State Board Committee Certifies Four Finalists for Patrick Henry Community College Presidency

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Jeffrey Kraus
Asst. Vice Chancellor for Strategic Communications
(804) 592-6767

RICHMOND – The State Board for Community Colleges has certified four finalists for the position of president at Patrick Henry Community College (PHCC). The finalists were among 64 applicants from across the nation.

The four finalists, in alphabetical order, are Dr. Alessandro Anzalone of Tampa, Florida; Dr. Jermaine Ford of Lafayette, Louisiana; Dr. J. Gregory Hodges of Ridgeway, Virginia; and Dr. Tanjula Petty of Pike Road, Alabama.

“I am delighted to see such a diverse and experienced group of academic leaders in this pool of finalists,” said Glenn DuBois, chancellor of Virginia’s Community Colleges. “Patrick Henry Community College plays such a vital role in education, workforce development, and economic development throughout the region it serves. I am confident that this elite group will yield a president ready to lead the college successfully through what I hope is the end of this pandemic, the subsequent economic recovery, and beyond.”

Alessandro AnzaloneDr. Alessandro Anzalone has over 28 years of experience in higher education. He began his career in 1993 as a faculty member at the Universidad Nacional Experimental Politecnica Antonio Jose de Sucre, in Venezuela. After earning his doctoral degree, he became an associate chair in the Chemical Engineering Department of the Polytechnic University of Puerto Rico in 2005. In 2006, he became the Director of Sponsored Research for two years and then the Chair of the Chemical Engineering Department. Following this and until 2009, he served as vice president and president of the International Society for Pharmaceutical Engineering Puerto Rico Professional Chapter. He then moved to Hillsborough Community College as Program Chair, Engineering Technology. In 2015, he rose to become the Dean, Associate in Science Programs. From 2019 to 2021, he served as the interim President of Hillsborough Community College’s Brandon Campus. Anzalone earned his bachelor’s at the Universidad Nacional Experimental Politecnica, Antonio Jose de Sucre, his master’s at New York University and his doctorate at the University of South Florida.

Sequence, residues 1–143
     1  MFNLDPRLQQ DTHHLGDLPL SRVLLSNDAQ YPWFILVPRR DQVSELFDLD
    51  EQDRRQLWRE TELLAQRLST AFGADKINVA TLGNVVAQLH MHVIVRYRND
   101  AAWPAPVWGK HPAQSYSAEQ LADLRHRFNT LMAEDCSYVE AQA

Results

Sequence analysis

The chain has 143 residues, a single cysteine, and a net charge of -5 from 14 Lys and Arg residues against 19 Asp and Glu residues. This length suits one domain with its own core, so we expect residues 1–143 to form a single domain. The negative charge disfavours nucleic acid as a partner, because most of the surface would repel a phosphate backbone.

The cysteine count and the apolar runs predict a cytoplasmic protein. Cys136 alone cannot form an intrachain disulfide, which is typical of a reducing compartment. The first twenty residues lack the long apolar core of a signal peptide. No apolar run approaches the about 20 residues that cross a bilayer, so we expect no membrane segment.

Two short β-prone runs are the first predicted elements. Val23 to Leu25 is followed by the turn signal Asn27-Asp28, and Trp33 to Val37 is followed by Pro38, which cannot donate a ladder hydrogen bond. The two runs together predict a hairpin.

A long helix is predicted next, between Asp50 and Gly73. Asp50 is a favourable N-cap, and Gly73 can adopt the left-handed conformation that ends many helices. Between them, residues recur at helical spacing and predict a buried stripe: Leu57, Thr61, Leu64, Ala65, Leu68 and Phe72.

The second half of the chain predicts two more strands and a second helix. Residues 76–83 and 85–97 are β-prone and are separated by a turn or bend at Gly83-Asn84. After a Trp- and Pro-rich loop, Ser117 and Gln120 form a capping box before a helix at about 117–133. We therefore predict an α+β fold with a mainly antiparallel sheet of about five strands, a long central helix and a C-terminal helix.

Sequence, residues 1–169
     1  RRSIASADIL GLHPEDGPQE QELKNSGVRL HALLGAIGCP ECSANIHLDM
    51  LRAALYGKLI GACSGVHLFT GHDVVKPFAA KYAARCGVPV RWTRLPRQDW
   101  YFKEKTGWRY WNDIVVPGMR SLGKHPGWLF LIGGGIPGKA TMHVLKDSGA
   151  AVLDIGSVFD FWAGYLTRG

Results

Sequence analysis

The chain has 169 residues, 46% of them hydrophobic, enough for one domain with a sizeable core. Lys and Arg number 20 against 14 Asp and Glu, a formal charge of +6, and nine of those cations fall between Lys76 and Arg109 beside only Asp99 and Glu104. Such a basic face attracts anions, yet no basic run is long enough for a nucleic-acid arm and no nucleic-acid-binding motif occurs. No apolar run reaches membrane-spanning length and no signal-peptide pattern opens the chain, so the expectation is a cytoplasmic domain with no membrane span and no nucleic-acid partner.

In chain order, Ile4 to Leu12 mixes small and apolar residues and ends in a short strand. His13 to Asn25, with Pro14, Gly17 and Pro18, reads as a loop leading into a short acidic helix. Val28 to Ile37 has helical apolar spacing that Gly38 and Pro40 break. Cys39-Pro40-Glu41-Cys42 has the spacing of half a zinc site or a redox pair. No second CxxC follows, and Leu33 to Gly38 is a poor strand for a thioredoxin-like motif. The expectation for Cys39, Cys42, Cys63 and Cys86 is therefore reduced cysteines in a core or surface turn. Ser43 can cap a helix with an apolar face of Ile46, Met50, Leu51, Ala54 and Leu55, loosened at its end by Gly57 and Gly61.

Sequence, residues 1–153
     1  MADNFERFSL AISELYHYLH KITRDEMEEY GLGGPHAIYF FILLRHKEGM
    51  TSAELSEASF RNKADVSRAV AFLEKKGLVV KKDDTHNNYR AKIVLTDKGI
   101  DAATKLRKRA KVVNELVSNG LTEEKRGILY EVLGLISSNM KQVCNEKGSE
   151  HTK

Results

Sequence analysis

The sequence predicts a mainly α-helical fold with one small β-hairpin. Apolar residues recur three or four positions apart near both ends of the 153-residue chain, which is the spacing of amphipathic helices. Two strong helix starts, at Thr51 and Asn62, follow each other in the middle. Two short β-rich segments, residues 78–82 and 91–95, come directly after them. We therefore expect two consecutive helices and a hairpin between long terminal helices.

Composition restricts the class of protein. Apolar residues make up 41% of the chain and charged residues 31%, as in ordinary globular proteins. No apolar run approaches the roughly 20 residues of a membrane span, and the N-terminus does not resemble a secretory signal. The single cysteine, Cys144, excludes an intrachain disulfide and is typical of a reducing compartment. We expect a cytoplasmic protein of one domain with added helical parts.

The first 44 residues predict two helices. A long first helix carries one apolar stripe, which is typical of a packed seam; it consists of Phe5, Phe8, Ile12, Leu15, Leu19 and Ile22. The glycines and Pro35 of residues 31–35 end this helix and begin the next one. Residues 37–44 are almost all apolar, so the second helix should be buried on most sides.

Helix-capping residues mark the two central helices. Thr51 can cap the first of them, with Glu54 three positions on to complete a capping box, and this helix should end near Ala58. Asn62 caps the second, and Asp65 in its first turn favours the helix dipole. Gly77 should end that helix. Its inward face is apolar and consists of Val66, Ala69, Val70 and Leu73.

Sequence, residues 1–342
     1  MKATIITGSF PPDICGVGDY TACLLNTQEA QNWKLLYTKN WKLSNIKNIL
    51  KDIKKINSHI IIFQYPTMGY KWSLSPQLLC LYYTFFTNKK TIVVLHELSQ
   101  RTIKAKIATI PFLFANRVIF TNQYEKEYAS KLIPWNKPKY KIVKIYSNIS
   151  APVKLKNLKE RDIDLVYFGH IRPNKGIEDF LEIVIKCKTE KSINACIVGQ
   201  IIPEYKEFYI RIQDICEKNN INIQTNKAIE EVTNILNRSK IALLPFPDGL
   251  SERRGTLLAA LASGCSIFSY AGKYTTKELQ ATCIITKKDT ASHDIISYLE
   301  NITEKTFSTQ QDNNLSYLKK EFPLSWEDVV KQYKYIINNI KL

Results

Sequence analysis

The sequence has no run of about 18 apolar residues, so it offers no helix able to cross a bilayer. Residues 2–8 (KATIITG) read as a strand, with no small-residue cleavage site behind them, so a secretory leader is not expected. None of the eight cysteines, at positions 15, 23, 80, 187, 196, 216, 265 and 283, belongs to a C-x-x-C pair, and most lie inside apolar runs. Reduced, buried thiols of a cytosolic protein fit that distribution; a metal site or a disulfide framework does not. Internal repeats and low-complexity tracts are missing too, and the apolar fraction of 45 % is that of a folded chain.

Jermaine FordDr. Jermaine Ford has 14 years of experience in higher education. He started his career in 1994 at DePaul University in the Access Services Department. From 1999 to 2012, Dr. Ford worked in private industry at Ready Computer, Global Ink and Accessories, and Sustain Technology, Inc. In 2012, he returned to higher education at Moraine Valley Community College in Illinois as the WIA Youth Worksite Manager for one year. He then became a Business Services Consultant at the same institution. In 2015, he moved to South Louisiana Community College first as the Director of Corporate College, then in 2016 as the Associate Vice President, Workforce and Economic Development, and finally in 2019 as the Vice President, Workforce and Economic Development, the position he currently holds. Ford earned his associate degree from Moraine Valley Community College, his bachelor’s from DePaul University and his master’s degree from the University of Phoenix. He earned his doctorate from Grand Canyon University.